SAN FRANCISCO-After outlining his company’s concept of exactly what software as a service means to Salesforce.com-a multitenant architecture and subscription-based services-CEO Marc Benioff dazzled the audience of mostly developers at the company’s Tour de Force campaign kickoff Jan. 17 with a dizzying array of statistics.
Throughout his keynote address Benioff ticked off Salesforce.com milestones-impressive by any standard for a 9-year-old company:
- 24 major releases in the last eight years; in excess of a billion dollars in revenue by the next fiscal year
- 38,000 customers; one million subscribers
- 130 million transactions a day at the average speed of 2.5 milliseconds
- 160,000 SQL statements every second
- 24 billion API calls (that’s customer’s computers accessing Salesforce.com’s computers 1.6 billion times a month)
- 79,000 workflow rules written
- 1.6 million lines of Apex code written. And it’s only been in production for six months.
Given the company’s massive push into the platform-as-a-service world with Force.com-about 50 percent of Salesforce developers spend their time enhancing the company’s flagship CRM (customer relationship management) software while the other 50 percent build out the platform-Benioff wants to make sure Salesforce.com is moving in the right direction.
“We’re working hard to become the first billion dollar SAAS company,” Benioff said. “Our third quarter was outstanding and we’ve given guidance that next year we will exceed one billion dollars [in revenue]. This is important. We want to show that SAAS is real; it’s here and we are a success.”
“We now have more than 38,000 customers and more than one million subscribers,” he said. “It’s an important time. And the reason this has all happened is because of you, our customers, partners, ISVs. We recognize that every day. What we want to hear from you is do you like it? Are we are on the right track? The only way we will be successful is by listening to our customers.”
Benioff said the questions he and his cohorts at Salesfore.com get asked the most are essentially the basics: What’s next? And what Internet trends will impact SAAS? “We’re asking these questions internally,” he said. “It’s one of the reasons we’re going on the road-to find out what you want us to focus on.”
A Force In the Cloud Maybe, but Still Proprietary
Answering his own musing, Benioff paraphrased The New York Times, Business Week and industry analyst group IDC in saying that the next major shift is the cloud, as in cloud computing. “We see that happening,” said Benioff. “The cloud is empowering the developer-all they have to have is a [Internet] connection and they can be anywhere in the world and tap into the cloud, with no server under the desk.”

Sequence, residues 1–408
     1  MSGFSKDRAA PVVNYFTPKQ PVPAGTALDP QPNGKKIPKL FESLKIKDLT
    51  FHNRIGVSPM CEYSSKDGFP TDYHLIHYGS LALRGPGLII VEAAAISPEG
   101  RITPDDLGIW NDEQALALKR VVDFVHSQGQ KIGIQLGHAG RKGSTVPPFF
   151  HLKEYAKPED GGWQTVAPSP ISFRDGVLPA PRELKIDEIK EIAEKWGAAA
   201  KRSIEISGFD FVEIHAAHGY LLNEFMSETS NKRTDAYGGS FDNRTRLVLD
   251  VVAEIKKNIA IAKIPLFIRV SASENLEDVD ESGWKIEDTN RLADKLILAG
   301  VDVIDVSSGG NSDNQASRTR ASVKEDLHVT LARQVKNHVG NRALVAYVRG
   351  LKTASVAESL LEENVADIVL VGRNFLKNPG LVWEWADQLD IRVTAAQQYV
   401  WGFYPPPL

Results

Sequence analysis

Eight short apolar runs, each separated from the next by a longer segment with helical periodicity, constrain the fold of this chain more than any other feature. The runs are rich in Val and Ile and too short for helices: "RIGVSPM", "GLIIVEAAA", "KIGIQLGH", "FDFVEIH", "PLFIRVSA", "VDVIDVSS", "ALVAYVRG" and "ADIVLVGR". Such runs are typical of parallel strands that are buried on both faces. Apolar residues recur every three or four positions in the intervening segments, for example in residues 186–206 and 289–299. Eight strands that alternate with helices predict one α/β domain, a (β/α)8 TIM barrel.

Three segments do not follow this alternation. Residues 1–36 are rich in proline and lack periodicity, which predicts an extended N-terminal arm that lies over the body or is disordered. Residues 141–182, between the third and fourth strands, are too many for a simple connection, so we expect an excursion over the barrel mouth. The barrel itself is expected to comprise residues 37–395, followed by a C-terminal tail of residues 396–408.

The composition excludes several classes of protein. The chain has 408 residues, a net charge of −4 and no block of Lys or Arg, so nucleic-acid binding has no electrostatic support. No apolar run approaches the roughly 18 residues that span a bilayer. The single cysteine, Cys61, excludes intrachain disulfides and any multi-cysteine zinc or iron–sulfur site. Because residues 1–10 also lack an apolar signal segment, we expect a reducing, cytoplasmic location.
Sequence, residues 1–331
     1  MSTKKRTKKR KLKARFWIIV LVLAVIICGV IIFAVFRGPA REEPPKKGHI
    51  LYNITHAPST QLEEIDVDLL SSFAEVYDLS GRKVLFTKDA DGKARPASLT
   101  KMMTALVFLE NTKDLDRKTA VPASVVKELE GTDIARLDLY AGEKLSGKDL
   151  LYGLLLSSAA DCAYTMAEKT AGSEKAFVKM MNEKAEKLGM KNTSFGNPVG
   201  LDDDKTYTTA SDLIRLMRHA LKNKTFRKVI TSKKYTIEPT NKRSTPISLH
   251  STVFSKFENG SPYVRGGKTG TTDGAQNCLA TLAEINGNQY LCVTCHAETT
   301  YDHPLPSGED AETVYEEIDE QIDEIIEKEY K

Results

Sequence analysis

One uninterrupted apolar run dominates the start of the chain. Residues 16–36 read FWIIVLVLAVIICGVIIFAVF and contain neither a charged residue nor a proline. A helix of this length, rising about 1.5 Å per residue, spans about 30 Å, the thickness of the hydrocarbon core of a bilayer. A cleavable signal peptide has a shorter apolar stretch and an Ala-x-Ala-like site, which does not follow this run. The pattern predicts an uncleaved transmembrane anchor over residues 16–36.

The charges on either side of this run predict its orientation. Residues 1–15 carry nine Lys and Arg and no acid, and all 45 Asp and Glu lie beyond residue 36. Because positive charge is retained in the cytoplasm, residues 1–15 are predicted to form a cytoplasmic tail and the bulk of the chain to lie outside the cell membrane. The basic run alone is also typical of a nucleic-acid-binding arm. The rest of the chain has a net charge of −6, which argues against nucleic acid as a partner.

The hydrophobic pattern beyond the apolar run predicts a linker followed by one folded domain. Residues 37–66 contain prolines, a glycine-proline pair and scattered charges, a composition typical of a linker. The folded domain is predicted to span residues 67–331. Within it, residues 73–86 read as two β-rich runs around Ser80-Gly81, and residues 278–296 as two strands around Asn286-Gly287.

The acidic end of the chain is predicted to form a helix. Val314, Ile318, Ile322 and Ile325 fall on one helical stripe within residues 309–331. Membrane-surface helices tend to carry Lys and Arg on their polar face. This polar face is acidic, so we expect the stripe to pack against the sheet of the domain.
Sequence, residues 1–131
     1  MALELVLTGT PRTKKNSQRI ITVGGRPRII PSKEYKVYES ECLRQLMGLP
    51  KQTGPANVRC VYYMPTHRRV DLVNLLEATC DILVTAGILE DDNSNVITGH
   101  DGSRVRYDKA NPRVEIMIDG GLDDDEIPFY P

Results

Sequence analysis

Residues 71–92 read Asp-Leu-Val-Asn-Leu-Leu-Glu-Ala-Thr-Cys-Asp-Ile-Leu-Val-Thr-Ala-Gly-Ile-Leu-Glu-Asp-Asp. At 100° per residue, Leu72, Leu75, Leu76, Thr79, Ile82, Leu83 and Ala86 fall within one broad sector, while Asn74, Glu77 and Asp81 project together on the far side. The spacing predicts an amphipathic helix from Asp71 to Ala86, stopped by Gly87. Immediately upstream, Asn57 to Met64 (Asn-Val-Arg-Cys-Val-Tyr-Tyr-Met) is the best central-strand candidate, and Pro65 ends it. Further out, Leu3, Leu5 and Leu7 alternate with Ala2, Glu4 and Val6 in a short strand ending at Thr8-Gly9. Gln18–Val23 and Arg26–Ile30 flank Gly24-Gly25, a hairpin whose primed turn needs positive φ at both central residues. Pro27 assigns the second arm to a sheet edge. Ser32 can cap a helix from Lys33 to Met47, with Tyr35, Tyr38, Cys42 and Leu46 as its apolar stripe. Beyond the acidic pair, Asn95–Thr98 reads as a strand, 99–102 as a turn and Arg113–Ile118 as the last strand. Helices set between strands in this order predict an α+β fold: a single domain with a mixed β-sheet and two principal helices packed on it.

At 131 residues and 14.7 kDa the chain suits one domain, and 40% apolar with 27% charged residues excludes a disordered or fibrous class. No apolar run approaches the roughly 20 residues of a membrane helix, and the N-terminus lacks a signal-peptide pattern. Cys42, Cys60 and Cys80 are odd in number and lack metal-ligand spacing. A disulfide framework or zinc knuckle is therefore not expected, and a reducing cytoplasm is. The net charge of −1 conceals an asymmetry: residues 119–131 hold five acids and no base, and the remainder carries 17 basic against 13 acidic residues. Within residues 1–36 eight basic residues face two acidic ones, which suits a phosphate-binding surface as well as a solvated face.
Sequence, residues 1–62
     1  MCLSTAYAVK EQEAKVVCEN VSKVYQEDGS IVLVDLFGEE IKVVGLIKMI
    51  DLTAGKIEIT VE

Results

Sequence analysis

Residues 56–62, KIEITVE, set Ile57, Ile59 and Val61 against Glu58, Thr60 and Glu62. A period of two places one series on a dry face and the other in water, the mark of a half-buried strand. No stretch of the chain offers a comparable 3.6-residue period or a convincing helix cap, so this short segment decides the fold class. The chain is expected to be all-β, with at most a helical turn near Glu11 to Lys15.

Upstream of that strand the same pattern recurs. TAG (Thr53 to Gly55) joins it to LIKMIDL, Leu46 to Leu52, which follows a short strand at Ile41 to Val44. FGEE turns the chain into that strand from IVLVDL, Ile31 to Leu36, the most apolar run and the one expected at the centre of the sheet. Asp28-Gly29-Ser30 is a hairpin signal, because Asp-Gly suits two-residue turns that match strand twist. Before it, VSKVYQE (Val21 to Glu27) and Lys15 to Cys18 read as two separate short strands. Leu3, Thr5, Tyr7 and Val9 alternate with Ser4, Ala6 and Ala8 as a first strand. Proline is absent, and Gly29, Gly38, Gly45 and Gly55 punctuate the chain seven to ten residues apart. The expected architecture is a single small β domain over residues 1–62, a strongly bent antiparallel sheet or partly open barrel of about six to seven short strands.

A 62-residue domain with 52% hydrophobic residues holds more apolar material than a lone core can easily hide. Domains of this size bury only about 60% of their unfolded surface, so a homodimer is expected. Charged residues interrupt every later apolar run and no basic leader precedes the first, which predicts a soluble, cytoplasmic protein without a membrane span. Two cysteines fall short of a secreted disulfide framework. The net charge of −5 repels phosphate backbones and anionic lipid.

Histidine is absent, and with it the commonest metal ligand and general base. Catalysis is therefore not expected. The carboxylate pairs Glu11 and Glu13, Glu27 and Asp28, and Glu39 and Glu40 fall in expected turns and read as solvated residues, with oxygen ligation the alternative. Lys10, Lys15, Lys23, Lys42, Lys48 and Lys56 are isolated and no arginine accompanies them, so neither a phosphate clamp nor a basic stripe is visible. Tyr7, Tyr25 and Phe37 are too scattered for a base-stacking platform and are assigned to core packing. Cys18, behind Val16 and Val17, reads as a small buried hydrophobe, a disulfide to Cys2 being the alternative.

Salesforce.com has come a long way toward enabling cloud development with the Force.com platform and the definition of platform as a service, or PAAS, though not without its detractors. Some analysts-and competitors-argue that the world doesn’t need another proprietary programming language-on demand or not. That said, Salesforce.com is clearly doing something right, since it’s not going to remain a party of one for long. Aside from industry stalwarts Oracle, Microsoft and SAP entering the market with multitenant, subscription-based CRM software with the specific goal of beating Salesforce.com, each company is, either quietly (like Microsoft) or publicly (like SAP) also building an on-demand development platform.
At the same time, other companies are emerging with the PAAS model.
WebEx, for example, is building an on-demand collaboration platform, while Amazon.com-not just for shopping junkies any more-is said to be launching a Web services platform in April.
During his keynote address Benioff invited Marc Andreessen on stage to give his vision of the state of the emerging on-demand platform market. Andreessen is probably best known as the co-founder of Mosaic, the first widely used Web browser, but he’s also the co-founder of Netscape, Loudcloud and now Ning, his latest venture that provides a platform for social networking sites. So far Ning’s customers have developed 150,000 different networks that range in topic and scope from family and religious-based sites to political and health care hubs.
Andreessen said he believes the PAAS wave is just beginning.
“I think there’s going to be a whole range, thousands of platform companies,” said Andreessen. “There’s a common definition of what a platform is: It means you can program it …. This shift to the Internet, the cloud, or whatever you want to call it, is a very, very big deal from many different perspectives. Seven or eight years ago significant companies started launching Web services-eBay gets a huge percentage of revenues that come through its Web services API, so we’ve seen a whole wave of Web services APIs. Now we’re seeing a whole second wave of Internet plug-in APIs; there were thousands of new applications launched on Facebook that run somewhere else on the network. Then there’s a third wave-Salesforece.com, Ning, Amazon-that [offer] fully hosted platforms where code gets uploaded in the cloud.”
Despite all the endorsements behind PAAS and cloud computing, it seems Salesforce.com just needs a little love from the developer community.